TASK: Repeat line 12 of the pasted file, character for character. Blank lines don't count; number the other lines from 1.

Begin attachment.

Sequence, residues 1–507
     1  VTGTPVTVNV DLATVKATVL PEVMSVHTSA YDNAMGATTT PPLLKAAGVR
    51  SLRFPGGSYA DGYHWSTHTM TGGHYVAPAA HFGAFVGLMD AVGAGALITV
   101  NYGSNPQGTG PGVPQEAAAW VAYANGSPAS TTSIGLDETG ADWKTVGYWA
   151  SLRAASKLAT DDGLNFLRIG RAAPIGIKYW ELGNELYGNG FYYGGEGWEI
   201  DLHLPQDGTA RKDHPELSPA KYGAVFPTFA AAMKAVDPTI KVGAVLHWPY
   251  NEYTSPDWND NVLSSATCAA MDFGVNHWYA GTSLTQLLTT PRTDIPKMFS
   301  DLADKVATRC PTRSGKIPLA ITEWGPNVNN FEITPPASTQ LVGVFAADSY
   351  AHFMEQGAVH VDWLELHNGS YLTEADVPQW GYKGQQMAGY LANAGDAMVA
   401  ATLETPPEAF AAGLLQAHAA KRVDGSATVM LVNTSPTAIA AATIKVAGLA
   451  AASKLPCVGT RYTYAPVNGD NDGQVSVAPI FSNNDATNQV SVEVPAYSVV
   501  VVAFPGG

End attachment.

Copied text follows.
   501  VVAFPGG